Among the “big fish” of senior housing are umbrella brands like Atria Senior Living, Brookdale, and Five Star Senior Living, each having dozens of communities across the United States. Communities managed by umbrella brands like these tend to use the same branding as their parent company from top to bottom—name, logo, colors, messaging, etc.—but others may take select elements of the umbrella brand like logo and colors but achieve added individuality by incorporating slight variations on logomarks and other branded elements in addition to selecting a unique name for each property.

“Luxury” Brands Are On The Rise

The senior living industry is beginning to bounce back and investors are ready to get back in the game, which means we could see a wave of new developments breaking ground in 2022. Those that have emerged within the last few years are reminiscent of luxury multifamily properties when it comes to their branding. Phrases like “resort-style” and “five-star,” which have long been buzzwords in the multifamily vertical, are now making their way into senior living websites and brochures too. Active Living communities may have helped spur on this shift, bridging the conceptual gap between luxury multifamily brands and the senior living industry. As active adults are coming to expect more from their housing communities, so are seniors and their family members looking for Independent Living, Assisted Living, and Memory Care.

How & Why Apartment Brands Have Changed In The Last 5 Years

How & Why Apartment Brands Have Changed In The Last 5 Years

Apartment branding isn’t what it used to be. In just the last five years alone, the landscape of apartment branding across North America has adapted to dramatic fluctuations in the housing market which have led to new innovations in naming, logo development, and brand identity.

As an apartment marketing agency with expertise in naming and branding projects, we’ve had a front row seat to the shifting needs of renters, owners, developers, and asset managers during this time and enjoyed a position at the cutting edge of the branding innovations that these shifts have inspired.

This experience has not only fascinated us, but also empowered above-market results for our clients, and we hope it will do the same for you. So without further ado, here are the key shifts we’ve seen in apartment branding trends across multifamily, student, and senior living markets within the last five years.

Branding Is No Longer an Afterthought

We couldn’t write about the changes in apartment branding trends without first acknowledging that the attention paid to branding has increased. That is to say, not only have the types of branding choices apartment marketers make shifted over time, but real estate creators and managers are also making these choices earlier and with more care than ever before.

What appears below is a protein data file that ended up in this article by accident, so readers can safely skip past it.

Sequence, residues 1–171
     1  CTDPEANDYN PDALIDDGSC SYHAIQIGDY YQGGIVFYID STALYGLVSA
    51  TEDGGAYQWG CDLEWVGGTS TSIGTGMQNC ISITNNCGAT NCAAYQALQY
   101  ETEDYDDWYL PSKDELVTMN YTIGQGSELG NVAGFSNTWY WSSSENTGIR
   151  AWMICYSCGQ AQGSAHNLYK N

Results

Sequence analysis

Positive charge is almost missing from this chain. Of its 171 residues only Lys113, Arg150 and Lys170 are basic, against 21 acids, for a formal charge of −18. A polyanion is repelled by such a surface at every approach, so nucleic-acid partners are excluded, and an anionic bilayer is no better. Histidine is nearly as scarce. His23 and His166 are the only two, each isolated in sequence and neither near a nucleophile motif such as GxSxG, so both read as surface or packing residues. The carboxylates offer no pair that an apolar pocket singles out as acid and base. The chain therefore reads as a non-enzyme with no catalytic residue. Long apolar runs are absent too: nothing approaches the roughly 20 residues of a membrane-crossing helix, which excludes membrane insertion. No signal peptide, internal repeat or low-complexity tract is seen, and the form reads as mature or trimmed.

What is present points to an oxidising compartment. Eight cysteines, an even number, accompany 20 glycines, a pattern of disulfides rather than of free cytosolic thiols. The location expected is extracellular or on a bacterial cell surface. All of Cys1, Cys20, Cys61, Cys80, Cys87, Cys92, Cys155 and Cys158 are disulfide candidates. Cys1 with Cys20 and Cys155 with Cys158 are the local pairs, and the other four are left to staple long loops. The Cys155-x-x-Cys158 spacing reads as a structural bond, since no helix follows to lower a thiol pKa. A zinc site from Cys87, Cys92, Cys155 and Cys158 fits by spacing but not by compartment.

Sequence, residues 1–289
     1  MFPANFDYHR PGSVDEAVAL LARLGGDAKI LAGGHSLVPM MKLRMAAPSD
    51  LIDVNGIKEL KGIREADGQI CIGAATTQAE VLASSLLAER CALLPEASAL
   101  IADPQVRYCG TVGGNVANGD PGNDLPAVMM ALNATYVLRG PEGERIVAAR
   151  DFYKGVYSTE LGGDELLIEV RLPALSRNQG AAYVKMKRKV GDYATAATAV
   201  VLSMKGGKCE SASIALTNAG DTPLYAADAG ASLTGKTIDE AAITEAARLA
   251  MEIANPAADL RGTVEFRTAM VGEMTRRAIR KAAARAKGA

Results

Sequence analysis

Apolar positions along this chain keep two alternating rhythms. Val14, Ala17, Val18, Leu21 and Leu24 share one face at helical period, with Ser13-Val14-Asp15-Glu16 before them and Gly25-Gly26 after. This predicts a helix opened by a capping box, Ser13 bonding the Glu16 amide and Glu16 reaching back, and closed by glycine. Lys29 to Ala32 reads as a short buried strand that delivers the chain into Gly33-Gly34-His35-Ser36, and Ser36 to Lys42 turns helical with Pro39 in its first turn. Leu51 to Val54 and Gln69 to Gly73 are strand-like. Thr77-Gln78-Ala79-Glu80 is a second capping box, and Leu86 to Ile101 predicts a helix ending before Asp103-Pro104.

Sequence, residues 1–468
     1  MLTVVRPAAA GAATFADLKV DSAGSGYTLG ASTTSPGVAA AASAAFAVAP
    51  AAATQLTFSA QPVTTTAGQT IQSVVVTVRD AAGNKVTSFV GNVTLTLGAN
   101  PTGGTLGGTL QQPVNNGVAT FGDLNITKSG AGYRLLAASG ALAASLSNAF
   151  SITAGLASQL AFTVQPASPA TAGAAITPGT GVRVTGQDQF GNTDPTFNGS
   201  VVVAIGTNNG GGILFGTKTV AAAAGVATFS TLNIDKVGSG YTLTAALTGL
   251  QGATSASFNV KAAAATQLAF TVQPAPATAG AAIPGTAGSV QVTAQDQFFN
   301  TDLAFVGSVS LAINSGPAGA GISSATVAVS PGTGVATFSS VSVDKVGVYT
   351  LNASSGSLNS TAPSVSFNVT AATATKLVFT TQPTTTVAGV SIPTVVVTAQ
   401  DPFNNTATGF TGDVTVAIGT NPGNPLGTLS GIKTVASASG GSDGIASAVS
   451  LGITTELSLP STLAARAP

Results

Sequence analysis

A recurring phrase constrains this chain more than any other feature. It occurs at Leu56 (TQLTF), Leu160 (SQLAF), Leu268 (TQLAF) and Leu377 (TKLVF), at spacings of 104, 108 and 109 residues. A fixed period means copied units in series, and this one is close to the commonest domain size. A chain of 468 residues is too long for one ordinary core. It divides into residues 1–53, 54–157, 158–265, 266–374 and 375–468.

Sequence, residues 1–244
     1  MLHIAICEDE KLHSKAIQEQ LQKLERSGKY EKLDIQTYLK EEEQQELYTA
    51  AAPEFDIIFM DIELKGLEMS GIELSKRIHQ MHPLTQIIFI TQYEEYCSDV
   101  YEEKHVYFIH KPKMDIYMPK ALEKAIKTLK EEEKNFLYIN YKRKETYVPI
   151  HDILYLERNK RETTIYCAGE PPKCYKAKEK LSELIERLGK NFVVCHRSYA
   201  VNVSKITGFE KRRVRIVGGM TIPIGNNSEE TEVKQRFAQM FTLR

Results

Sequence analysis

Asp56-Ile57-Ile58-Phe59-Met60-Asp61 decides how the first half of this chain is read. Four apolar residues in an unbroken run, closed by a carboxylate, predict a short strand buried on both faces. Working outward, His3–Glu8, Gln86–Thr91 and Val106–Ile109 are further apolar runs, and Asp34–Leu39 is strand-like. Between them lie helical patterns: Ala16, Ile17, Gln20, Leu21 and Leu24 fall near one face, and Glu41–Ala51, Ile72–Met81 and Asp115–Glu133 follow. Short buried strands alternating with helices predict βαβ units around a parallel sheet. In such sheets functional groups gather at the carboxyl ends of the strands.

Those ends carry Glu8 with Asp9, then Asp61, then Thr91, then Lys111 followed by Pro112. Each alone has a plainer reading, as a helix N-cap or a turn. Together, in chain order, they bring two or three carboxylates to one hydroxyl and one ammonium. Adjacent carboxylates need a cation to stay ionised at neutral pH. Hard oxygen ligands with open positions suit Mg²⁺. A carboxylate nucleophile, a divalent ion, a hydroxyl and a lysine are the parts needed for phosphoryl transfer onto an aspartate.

Before the pandemic hit, many rental industries were experiencing a boom of new developments, causing increased competition that required developers, owners, and asset managers to focus their efforts on how they would differentiate their new developments from the competition. This also prompted existing communities to up their game to compete with newcomers, which made rebrands more common than before.

Now, even after the effects of the pandemic, the trend of thoughtful branding has continued because it has become the expectation among consumers and apartment marketers alike.

These days, crafting a brand for a new development typically occurs in tandem with the development and tends to inform and be informed by architectural and interior design processes.

More often than ever before, branding involves a careful research and discovery process, professional assistance from an apartment marketing agency, and the creation of in-depth brand guidelines documents to keep the branding consistent and effective over time and across multiple platforms.

apartment brand guidelines

Apartment Names are Bolder & More Memorable

Five years ago, you would find many new developments adopting names incorporating the street number of the complex (e.g. AMLI 5350) or a classic two-word formula featuring words like “Estates,” “Pointe,” and “Vista.” Nowadays, you still see plenty of those formulas being used, but more often, apartment brands are breaking the mold in favor of unique and memorable names that might have felt too bold just a few years ago.

For example, apartment marketers often eschew the familiar in favor of the unique so that brands feel “iconic” instead of “traditional.” Instead of “900 West,” or “Clinton Gardens,” new developments are more likely to be dubbed “NTX,” “Lumen,” or “Mosaic.” Also increasingly common are anthropomorphic names that instantly inject a sense of personality into a community, like “Emara,” or “The Guthrie.”